Topics in Bayesian population inference for gravitational wave astronomy

Buscicchio, Riccardo ORCID: 0000-0002-7387-6754 (2022). Topics in Bayesian population inference for gravitational wave astronomy. University of Birmingham. Ph.D.

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The first detection of a gravitational wave by LIGO and Virgo is a milestone for the study of compact objects in the Universe. Since it took place in 2015, a few tens of detections have been confirmed by the LIGO Virgo Collaboration (LVC). Afterwards, other collaborations have confirmed and extended such catalogues with independent analysis on the same datasets. Through exquisite experimental devices, sophisticated data analysis algorithms, and an accurate interpretational effort, these observations constitutes now an invaluable body of knowledge, and are a key piece of observational evidence for our understanding of the astrophysical population of binary systems. The science case is set to continuously expand as detections increase, and space-based gravitational–wave observatories are going to complement current ones with an otherwise inaccessible window to the “gravitational-wave sky”. In this thesis I report on my contributions on a few scientific investigations, including: (i) the development of statistical tools for the simultaneous inference on multiple sources and multiple populations of compact binaries; (ii) the development of a framework for parameter estimation on space-based detector observations, focusing on stellar mass binary black–holes and binary white dwarfs systems; (iii) the predictions of yet unob- served phenomena (e.g. gravitational lensing of gravitational waves) or specific signals (e.g. the stochastic foreground of gravitational waves) and their mutual connections; while developing the tools above I have had the opportunity to provide some insight on: (i) the astrophysical population of binary black hole masses and spins, and their distribution across redshift, therefore providing observational evidence in support of different formation channels; (ii) the future detectability of binary white dwarfs in satellites galaxies of the Milky Way with space-based detectors, with implications on the assembly history of satellite galaxies.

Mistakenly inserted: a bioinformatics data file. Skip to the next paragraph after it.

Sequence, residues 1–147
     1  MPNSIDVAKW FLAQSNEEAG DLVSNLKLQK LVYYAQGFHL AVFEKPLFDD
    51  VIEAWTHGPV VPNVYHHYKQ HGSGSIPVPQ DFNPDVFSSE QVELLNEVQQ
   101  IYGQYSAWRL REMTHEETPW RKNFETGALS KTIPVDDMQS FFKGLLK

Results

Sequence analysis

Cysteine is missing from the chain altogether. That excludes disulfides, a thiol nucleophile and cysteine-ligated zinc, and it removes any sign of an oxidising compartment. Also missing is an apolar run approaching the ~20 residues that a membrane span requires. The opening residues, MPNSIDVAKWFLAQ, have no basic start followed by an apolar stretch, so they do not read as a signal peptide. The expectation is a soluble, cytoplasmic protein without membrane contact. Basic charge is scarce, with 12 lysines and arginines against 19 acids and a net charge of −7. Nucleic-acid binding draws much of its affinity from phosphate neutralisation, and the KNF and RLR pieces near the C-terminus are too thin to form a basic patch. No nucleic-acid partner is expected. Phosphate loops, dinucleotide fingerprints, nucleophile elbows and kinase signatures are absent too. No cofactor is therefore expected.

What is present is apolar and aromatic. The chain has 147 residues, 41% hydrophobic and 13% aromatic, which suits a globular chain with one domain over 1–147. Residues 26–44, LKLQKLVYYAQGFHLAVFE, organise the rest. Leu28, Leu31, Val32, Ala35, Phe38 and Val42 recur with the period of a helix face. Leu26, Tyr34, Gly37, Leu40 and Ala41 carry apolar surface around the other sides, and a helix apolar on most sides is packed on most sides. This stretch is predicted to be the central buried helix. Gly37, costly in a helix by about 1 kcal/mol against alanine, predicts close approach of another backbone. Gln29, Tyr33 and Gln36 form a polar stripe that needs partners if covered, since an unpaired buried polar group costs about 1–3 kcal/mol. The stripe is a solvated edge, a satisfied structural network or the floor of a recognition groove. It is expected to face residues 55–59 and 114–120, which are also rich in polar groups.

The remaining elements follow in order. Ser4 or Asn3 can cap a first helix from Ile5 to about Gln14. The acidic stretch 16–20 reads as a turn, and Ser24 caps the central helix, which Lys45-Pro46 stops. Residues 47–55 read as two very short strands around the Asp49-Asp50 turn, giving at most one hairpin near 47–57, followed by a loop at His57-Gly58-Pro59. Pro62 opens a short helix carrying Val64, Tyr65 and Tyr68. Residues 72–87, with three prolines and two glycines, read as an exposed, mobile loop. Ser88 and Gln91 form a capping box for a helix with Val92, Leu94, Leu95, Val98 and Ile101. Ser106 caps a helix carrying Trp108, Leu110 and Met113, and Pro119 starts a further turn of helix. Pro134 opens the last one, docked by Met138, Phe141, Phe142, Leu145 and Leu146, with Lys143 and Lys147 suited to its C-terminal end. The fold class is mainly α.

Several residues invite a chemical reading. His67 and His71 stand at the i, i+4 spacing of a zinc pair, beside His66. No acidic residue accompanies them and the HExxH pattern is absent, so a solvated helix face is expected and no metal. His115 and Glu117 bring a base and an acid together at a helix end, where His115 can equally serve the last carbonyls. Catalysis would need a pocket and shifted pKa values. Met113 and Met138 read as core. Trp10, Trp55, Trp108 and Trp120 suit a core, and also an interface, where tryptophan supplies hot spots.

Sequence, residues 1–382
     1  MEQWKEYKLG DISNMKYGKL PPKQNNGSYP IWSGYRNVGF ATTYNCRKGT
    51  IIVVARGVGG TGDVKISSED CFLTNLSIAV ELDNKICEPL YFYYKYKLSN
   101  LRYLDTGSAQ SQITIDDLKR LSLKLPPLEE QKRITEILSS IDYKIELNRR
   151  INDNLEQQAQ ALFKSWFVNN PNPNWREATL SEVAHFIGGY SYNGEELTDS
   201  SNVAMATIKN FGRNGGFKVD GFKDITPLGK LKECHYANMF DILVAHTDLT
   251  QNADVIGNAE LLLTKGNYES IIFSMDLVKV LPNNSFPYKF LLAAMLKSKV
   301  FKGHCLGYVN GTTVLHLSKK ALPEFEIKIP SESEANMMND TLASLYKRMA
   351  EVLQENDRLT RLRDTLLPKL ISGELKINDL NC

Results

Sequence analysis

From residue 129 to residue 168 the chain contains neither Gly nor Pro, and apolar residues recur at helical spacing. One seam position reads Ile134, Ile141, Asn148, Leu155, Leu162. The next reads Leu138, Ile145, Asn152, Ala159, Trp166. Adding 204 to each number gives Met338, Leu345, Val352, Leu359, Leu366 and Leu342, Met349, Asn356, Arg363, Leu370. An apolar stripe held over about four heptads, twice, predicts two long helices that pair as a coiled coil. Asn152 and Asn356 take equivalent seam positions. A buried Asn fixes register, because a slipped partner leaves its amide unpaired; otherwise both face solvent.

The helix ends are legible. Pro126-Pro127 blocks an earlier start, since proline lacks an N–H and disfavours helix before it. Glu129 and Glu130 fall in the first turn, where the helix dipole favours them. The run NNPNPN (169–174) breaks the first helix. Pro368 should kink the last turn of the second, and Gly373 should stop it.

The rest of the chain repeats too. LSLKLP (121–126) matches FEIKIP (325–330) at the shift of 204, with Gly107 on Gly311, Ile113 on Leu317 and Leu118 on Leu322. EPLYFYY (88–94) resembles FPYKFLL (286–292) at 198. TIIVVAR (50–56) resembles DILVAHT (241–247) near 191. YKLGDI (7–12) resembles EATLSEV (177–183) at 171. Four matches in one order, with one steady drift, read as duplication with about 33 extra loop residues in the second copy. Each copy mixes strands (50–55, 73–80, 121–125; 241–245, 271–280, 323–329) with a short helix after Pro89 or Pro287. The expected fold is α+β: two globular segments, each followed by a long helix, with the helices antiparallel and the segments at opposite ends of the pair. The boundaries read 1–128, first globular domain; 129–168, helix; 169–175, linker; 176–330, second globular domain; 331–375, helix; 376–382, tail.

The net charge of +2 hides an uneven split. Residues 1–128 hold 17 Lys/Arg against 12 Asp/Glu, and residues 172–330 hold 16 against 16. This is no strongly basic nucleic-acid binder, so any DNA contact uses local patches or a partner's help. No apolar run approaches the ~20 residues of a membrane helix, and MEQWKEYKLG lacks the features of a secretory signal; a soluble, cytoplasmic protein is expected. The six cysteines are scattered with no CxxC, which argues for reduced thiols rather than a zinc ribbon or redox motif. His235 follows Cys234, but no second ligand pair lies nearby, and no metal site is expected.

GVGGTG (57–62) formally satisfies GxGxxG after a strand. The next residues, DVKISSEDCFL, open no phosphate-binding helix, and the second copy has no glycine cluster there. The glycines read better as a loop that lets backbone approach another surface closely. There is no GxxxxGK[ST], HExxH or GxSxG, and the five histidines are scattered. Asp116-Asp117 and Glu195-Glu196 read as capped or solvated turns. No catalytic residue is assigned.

Type of Work: Thesis (Doctorates > Ph.D.)
Award Type: Doctorates > Ph.D.
Licence: All rights reserved
College/Faculty: Colleges (2008 onwards) > College of Engineering & Physical Sciences
School or Department: School of Physics and Astronomy
Funders: None/not applicable
Subjects: Q Science > QB Astronomy
Q Science > QC Physics


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